Photo by Gregg Yan for Seafarer Asia

A few days after the government announced community quarantine, I received a lot of private messages from seafarers around the world, looking for emotional support and guidance. Like most of us here in the Philippines, they are worried too.  But their situation is far different from our conditions. Many of them are due to disembark to enjoy their most awaited vacation. But because of the pandemic, many ports right now are prohibiting crew change.

Seafarers need to go home once their contracts are done. Many issues arise if crew change—replacing a seafarer whose contract has ended with another whose contract is starting—is canceled or delayed. While some take the situation in stride, many react negatively. Some threaten their Captain or immediate officer if they are not allowed to sign off.  Some refuse to report for duty. Some even start fights with their fellow seafarers. These happen, even without the added stress of this pandemic.  

The question now is, how can seafarers survive this crisis while onboard? If land-based people in the Philippines are worried, imagine the stress for seafarers. Not only are they worried about their families back home, but they are also fearful of their situation onboard.

The International Labor Organization (ILO) has advised that adequate protection of the health and safety of the seafarers must remain a top priority during the evolving COVID-19 situation.  It further says that the flag state should have sufficient measures to protect seafarers’ health by ensuring access to prompt and appropriate medical care while onboard.

What else can seafarers do? Here are my tips on how to deal with the stress of COVID-19 while physically isolated from your families and friends.

Be updated but not inundated

Yes, we must get the latest information about what is happening back in the Philippines.  But if you will notice, many of the info online inspired fear rather than hope; anger rather than solidarity. You must ensure that you know how the crisis is progressing or being handled, but also make sure to protect yourself emotionally.  Rather than subscribing to the political debates, just get enough information that you will need. Do not get obsessed with the news, and do not keep checking your social media account. Give yourself enough breaks from the news.

Find a distraction

You may watch a movie on board that will uplift you emotionally. Avoid watching emotional movies that tackle about OFW life; it will cause more homesickness. Instead, watch documentaries, sports, or comedies. You can also read, listen to podcasts, or take online courses.   

Keep open communication with your family and friends

Allow yourself to be vulnerable and stop playing the superman role.  Ask for support if you need it. Most seafarers have a tough-guy mentality.  They always think of how they can give support to their loved ones.  But there are times that we should learn how to ask for help from them.  You will be amazed at how it will improve your relationship with your family if you allow them to support you as well.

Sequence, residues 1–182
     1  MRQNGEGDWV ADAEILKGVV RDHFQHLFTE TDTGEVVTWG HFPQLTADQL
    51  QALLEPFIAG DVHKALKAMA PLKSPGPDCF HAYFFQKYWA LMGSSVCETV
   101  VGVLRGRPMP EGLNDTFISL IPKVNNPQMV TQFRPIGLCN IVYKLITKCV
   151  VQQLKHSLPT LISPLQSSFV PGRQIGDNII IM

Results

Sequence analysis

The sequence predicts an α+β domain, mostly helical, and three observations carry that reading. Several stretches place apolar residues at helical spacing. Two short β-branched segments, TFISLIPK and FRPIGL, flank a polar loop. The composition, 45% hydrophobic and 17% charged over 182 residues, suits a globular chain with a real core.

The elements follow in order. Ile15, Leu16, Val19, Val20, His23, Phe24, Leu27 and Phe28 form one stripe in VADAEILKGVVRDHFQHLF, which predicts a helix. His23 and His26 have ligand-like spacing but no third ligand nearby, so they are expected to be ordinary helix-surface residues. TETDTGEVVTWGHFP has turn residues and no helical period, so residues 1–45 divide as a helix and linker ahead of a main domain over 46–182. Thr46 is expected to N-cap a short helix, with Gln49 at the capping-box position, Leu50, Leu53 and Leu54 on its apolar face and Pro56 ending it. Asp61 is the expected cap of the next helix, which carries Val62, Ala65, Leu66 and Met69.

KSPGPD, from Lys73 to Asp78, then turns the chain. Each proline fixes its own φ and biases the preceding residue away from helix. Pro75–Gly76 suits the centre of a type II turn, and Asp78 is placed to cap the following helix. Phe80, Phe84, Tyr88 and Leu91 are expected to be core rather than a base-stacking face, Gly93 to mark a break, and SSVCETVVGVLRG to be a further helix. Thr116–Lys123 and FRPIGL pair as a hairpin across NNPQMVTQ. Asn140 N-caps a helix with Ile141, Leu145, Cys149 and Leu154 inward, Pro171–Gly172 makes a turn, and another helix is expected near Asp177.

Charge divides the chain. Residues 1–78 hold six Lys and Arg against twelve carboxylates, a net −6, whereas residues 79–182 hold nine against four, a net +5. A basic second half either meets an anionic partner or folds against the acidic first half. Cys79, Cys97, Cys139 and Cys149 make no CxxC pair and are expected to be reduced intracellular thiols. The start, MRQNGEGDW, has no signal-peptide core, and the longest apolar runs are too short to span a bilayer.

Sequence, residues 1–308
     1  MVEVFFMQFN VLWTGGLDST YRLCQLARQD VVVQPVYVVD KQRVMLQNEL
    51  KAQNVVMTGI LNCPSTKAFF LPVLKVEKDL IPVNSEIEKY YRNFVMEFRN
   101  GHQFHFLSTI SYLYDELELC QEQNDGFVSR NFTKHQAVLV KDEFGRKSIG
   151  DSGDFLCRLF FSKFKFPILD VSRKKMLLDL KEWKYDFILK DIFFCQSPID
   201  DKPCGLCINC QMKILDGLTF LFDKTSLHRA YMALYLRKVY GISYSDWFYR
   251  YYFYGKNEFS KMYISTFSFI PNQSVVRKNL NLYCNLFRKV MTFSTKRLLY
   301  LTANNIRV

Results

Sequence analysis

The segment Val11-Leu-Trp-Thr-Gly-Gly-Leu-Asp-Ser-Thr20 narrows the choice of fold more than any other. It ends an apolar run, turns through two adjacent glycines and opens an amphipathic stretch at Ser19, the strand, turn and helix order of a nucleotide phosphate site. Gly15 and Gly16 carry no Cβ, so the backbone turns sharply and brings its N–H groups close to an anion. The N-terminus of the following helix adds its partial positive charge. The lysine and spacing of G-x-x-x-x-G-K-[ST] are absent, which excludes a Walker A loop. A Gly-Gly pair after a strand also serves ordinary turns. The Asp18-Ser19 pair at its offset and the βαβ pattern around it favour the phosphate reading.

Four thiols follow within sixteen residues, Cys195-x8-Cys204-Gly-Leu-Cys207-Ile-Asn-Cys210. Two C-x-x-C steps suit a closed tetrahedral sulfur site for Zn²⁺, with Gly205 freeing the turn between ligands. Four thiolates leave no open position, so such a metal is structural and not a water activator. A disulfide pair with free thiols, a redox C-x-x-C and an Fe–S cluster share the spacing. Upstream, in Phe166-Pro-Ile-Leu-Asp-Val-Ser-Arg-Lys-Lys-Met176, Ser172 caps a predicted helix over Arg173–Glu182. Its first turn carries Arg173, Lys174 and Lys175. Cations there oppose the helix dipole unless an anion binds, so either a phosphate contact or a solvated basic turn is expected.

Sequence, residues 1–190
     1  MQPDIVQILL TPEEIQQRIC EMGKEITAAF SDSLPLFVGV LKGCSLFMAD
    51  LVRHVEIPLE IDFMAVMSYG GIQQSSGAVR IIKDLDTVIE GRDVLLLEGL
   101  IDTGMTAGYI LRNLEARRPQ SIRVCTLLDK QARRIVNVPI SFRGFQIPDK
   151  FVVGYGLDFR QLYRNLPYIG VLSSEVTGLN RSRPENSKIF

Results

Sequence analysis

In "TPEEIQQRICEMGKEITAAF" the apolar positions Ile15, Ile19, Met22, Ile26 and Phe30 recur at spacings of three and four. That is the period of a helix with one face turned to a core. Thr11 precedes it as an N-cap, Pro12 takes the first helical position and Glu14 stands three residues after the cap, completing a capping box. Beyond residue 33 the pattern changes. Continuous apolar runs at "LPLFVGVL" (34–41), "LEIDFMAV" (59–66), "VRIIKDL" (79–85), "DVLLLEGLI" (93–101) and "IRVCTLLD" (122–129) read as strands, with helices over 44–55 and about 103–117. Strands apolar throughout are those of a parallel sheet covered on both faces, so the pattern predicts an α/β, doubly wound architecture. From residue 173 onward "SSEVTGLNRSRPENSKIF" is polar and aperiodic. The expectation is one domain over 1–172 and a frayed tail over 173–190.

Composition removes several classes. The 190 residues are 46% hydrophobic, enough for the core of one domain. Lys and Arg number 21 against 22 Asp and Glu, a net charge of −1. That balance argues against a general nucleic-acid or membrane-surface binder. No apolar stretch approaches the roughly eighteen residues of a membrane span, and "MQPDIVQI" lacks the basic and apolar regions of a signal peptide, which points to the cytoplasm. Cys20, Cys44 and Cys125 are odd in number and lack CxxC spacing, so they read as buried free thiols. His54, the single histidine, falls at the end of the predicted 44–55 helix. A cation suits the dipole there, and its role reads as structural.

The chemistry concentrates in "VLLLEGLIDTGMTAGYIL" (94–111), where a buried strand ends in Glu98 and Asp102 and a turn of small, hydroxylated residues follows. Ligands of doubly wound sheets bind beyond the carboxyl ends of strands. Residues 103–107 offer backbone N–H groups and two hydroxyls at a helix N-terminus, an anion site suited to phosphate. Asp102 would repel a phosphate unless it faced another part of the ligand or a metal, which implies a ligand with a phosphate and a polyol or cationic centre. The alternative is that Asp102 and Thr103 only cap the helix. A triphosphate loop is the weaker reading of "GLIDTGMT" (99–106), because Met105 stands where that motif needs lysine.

Keep yourself healthy

If you have a gym onboard, plan for your regular exercise. Use your homecoming as your inspiration to be in shape.  Some ships have basketball courts or table tennis equipment; maximize these and organize a tournament with your shipmates.  Remember that even without this COVID-19 issue, studies show that physical exercise boosts our immune system and releases hormones such as endorphins and dopamine, which are the ‘feel good’ hormones. These can reduce stress, and lower the chances of depression.

Meditate or pray

Connect with the higher being. Practice gratitude. Allowing yourself to explore your spiritual side can lead you to feel more energetic, and more capable of surpassing the difficulties of your current situation.

Other seafarers may be with their families, but they are also worried about how to secure their families from health and financial catastrophes brought by this pandemic.  It is quite understandable that we want to be with our families at this trying moment, but to look at the silver lining, at least you are still earning income while onboard. Yes, we are in a unique situation, but at the end of the day, we can still find reason to be grateful while we are onboard.

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Christopher Cervantes

Christopher G. Cervantes, is a registered financial planner, a certified investment solicitor, and Certified Securities Representative.  He is also the author of the book Financial Planning for the Fast Changing World and The Seed Money.  Aside from being a financial planner he was also an active seafarer for 17 years with a position of Chief Officer on board oil and chemical tankers.   It is his mission to help his fellow seafarers and OFWs to attain financial freedom through sound financial education.  For any questions email him at:   You can also find him on and